The Texas Institute for Child & Family Wellbeing receives $5.4 million-dollar grant for The Texas Foster Youth Health Initiative
Austin, TX. About 50% of females who experience foster care in the United States are pregnant by age 19 compared to only 33% of girls across the nation who have a pregnancy by that age. Despite disproportionately high pregnancy rates, there are limited interventions and community strategies to help reduce teen pregnancy among foster youth. With a $5.4 million three year grant, the Texas Institute for Child & Family Wellbeing (TXICFW) within the Steve Hicks School of Social Work will lead the Texas Foster Youth Health Initiative to build relationships across child welfare and adolescent health systems to promote optimal health for child welfare-involved youth.
In partnership with the Texas Campaign to Prevent Teen Pregnancy and the Texas Alliance of Child and Family Services, the Texas Foster Youth Health Initiative will establish, fund, coordinate, and support a multidisciplinary network of community partners to develop and test cutting edge sexual health interventions for youth and their caregivers. These community partners include Healthy Futures of Texas and the North Texas Alliance to Reduce Unintended Pregnancy in Teens (Ntarupt).
“We are really excited because this project is finally bridging relationships and resources between child welfare agencies and health education providers,” said Monica Faulkner, Ph.D., LMSW, Principal Investigator for the Texas Foster Youth Health Initiative. “The foster care system is often blamed for high rates of teen pregnancy, but the reality is that youth have experienced sexual violence and witnessed domestic partner abuse prior to entering foster care. They lack foundations for healthy relationships, but healthy relationships are critical for healing trauma. The foster care system can provide that foundation. But, in the past, we have encountered many child welfare workers and caregivers who understand trauma, but lack effective tools to have conversations about health and relationships; and health educators who are comfortable talking about health and relationships, but who lack a deep understanding and tools to address trauma.”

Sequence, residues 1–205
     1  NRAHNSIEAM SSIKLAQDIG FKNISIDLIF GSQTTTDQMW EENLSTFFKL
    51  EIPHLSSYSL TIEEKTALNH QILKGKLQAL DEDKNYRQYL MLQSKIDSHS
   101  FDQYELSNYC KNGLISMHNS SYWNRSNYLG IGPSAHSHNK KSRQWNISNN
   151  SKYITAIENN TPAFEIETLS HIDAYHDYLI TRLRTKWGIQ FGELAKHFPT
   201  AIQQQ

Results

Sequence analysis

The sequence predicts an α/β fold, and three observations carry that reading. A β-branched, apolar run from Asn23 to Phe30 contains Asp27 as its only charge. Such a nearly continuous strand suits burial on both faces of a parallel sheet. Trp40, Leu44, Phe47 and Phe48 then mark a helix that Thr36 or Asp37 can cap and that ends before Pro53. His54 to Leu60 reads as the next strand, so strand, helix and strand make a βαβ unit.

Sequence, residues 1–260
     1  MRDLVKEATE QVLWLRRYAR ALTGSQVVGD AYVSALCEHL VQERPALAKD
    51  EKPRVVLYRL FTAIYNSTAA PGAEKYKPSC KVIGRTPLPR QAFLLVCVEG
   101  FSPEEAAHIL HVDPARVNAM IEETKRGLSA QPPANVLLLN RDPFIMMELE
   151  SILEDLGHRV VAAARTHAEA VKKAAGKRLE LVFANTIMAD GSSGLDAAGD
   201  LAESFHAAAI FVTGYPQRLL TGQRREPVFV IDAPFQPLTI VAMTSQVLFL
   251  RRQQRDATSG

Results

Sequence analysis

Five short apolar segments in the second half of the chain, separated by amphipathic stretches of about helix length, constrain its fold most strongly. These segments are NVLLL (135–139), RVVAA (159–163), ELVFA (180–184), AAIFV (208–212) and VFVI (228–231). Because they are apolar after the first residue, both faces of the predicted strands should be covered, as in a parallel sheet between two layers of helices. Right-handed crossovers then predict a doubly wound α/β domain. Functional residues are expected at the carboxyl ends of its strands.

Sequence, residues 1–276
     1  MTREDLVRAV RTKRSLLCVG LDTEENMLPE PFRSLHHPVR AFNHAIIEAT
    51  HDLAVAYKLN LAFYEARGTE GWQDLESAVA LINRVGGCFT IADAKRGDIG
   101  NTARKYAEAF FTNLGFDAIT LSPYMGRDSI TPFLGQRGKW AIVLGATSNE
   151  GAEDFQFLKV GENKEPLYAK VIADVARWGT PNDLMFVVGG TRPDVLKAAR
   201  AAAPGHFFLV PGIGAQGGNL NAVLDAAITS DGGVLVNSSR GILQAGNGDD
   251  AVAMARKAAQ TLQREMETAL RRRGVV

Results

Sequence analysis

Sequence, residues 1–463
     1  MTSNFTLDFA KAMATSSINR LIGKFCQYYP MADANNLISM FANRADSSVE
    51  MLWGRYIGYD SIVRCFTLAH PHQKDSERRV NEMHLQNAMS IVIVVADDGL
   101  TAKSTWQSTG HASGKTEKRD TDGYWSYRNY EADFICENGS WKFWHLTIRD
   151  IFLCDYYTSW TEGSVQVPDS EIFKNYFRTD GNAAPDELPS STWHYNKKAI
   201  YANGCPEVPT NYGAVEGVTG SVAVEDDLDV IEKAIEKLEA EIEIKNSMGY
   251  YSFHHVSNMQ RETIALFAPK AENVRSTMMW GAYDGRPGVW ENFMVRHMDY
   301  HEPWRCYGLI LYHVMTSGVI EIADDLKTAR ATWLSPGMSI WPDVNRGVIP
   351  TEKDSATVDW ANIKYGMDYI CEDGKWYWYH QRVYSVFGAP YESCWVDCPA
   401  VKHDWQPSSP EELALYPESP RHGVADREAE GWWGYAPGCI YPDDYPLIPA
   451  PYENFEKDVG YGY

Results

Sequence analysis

The Texas Foster Youth Health Initiative will support efforts in San Antonio, Dallas, the Rio Grande Valley and Houston to bring together local leaders from child welfare agencies and health education providers to assess the needs for training and interventions to build skills among youth and caregivers. Communities will be offered options to develop their own interventions and resources, or use and adapt existing resources to meet the identified needs of that community. One additional community will be added in the second year of the project.
“When I was working as a case manager for foster youth, I remember searching for resources to help me work with youth, but nothing seemed relevant to the realities of the youth” said Monica Faulkner, Ph.D., LMSW, Principal Investigator for the Texas Foster Youth Health Initiative. “My greatest hope is that this project will provide a framework for communities across the nation to start to better support youth. I am really proud that Texas will lead these efforts.”
This grant was one of 13 given to organizations for “Tier 2 Innovation and Impact Network Grants: Achieving Optimal Health and Preventing Teen Pregnancy in Key Priority Areas” by the Office of Population Affairs through the U.S. Department of Health & Human Services. The Texas Institute for Child & Family Wellbeing was one of two grantees designated to address optimal adolescent health, teen pregnancy, and STIs for youth in foster care and/or the child welfare system.
For more information about this project, please contact TXICFW Communications Director, Kate McKerlie, firstname.lastname@example.org